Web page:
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How to transfer assets while avoiding Medicaid penalties

On Behalf of | Apr 23, 2024 | Elder Law | 0 comments

People who help an elderly relative with financial or medical matters may prepare for the older family member to someday get Medicaid coverage for long-term care. However, you should be careful that your loved one does not incur penalties because of the five year Medicaid look-back period.

Medicaid scrutinizes financial transactions to make sure an applicant does not improperly transfer or gift away assets just to narrow down countable assets to qualify for Medicaid benefits. Fortunately, there are legitimate ways to transfer assets without jeopardizing Medicaid eligibility.

Allowable transfers to spouses

Your relative can transfer unlimited assets to a spouse without triggering look-back penalties. This spousal impoverishment protection lets the non-applicant spouse keep a share of resources. Exact allowances vary by state, but they all aim to prevent a spouse from suffering unnecessary poverty.

Certain transfers to caregiver children

If you provide care for your elderly loved one, you can receive compensation through a caregiver agreement, though the contract must provide reasonable market rates so it does not appear as a gift. However, if you live with your relative for at least two years before your family member applies for Medicaid, you may receive ownership of your relative’s home penalty-free.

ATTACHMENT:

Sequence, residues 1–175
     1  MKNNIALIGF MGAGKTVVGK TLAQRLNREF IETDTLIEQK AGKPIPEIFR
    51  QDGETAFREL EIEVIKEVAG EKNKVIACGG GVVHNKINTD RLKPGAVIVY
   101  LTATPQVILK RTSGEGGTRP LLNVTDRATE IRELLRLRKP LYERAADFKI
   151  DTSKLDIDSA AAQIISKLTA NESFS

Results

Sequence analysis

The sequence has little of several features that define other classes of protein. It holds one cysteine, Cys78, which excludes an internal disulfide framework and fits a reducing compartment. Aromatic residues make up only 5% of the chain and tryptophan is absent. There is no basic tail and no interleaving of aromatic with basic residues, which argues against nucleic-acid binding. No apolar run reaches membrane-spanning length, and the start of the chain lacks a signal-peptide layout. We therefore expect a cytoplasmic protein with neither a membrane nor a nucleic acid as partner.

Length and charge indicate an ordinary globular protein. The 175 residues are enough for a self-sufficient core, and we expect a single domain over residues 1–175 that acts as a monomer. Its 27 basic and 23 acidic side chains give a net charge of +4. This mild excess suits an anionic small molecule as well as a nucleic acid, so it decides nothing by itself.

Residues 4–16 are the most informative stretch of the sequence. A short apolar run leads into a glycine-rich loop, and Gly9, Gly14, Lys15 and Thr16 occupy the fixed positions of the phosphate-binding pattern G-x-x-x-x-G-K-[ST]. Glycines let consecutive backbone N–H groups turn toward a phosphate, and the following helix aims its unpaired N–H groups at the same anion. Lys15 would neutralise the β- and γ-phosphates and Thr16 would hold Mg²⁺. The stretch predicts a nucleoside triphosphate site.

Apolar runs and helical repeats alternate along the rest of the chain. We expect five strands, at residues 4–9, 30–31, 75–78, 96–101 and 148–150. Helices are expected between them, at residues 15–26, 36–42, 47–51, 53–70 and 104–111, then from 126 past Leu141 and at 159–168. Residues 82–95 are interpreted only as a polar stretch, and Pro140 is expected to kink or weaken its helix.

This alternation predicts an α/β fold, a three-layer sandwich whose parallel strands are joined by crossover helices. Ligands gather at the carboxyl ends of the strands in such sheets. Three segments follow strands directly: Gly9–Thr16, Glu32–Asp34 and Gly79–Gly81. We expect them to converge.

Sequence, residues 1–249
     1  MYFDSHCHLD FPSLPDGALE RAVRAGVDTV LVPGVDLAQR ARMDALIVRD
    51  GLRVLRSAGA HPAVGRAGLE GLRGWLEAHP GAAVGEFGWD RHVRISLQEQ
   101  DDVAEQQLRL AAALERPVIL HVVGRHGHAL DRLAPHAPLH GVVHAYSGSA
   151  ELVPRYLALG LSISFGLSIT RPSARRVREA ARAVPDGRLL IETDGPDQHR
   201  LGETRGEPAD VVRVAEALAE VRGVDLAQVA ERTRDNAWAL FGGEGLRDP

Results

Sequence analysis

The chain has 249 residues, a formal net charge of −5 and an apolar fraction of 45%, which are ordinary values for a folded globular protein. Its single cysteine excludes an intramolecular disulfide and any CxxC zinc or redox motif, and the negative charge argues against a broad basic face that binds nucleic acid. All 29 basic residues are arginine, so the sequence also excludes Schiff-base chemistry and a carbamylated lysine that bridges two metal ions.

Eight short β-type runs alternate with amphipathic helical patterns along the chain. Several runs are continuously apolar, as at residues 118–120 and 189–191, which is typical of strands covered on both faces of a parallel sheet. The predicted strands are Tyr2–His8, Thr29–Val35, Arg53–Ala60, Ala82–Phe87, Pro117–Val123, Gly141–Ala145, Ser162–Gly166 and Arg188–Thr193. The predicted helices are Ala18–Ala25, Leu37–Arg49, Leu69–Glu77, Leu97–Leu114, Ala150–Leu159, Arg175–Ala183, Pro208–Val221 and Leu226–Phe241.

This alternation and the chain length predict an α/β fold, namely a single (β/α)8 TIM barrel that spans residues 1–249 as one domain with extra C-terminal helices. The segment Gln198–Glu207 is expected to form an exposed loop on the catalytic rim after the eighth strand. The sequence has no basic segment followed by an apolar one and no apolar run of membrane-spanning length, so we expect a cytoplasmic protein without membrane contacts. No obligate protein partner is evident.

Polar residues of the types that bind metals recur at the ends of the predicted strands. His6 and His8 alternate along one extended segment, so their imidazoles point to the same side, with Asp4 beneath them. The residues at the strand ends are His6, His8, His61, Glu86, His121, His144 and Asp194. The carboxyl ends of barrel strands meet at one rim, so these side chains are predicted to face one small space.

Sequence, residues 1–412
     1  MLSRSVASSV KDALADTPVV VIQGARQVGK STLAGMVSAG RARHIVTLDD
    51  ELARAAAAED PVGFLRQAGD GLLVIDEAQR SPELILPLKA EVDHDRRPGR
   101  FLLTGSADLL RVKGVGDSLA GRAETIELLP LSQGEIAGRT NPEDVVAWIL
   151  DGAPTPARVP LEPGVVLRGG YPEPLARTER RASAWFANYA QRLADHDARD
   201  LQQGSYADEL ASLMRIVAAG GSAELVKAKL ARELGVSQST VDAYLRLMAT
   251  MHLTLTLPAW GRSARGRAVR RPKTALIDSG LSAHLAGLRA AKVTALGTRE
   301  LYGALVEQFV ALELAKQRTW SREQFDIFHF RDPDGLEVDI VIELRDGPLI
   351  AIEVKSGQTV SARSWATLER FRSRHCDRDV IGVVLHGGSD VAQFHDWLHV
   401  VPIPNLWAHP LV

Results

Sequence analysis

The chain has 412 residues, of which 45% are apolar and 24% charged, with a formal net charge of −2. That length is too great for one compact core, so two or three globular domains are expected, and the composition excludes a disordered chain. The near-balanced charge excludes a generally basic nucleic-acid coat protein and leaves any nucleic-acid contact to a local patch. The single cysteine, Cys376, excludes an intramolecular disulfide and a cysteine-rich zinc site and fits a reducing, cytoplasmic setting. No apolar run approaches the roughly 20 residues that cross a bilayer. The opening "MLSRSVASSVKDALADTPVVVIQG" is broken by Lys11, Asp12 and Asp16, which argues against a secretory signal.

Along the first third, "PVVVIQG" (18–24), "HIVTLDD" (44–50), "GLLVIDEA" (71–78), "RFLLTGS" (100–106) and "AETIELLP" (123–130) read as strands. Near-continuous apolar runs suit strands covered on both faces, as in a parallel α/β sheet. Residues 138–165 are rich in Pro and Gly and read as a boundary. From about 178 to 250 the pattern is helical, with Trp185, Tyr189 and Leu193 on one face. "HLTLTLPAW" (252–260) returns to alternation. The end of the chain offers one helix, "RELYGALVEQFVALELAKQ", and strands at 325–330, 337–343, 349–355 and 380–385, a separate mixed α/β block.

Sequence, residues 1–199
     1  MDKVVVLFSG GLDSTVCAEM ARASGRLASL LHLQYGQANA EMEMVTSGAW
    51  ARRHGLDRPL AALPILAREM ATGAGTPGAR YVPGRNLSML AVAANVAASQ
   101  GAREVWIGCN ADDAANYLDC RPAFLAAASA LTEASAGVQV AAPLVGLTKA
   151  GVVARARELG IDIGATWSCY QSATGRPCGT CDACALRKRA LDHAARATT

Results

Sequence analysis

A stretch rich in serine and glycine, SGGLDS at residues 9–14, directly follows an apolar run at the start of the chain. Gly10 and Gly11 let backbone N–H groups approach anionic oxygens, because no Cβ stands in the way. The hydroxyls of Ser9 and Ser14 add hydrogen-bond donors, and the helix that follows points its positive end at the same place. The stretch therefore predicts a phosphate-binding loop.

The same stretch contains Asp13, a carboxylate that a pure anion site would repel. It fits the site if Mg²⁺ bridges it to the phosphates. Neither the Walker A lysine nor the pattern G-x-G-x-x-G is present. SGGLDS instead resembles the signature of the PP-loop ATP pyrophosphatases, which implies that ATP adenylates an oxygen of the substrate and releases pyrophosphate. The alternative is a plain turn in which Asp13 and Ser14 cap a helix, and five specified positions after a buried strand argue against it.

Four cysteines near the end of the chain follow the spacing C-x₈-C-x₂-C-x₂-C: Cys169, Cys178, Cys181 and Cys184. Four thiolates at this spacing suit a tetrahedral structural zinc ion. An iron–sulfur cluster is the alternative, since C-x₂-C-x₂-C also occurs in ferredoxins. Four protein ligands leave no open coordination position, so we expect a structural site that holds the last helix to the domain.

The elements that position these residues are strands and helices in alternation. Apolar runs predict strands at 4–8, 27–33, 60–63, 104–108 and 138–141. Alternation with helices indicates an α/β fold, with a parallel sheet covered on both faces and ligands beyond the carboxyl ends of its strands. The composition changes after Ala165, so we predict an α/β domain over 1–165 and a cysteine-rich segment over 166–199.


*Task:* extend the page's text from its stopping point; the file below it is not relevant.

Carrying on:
Pay down debt

Your family member probably has debts to pay off. Fortunately, Medicaid considers it a legitimate practice to pay off debts such as mortgages, loans or credit cards. While this helps your family member stay financially afloat, it also has the benefit of reducing countable assets for Medicaid purposes.

Establish a funeral trust

Medicaid also considers funding a funeral through an irrevocable funeral trust to cover burial costs for your relative and their spouse to be a non-countable expense. So your family member can plan for a funeral and burial without worrying about running afoul of Medicaid.

These are not the only options, as your relative may also transfer assets to a disabled child or give ownership of a home to a sibling who has lived there no less than a year without penalty. While the look-back guidelines aim to prevent sheltering assets improperly, you have flexible options to realign your loved one’s finances legitimately.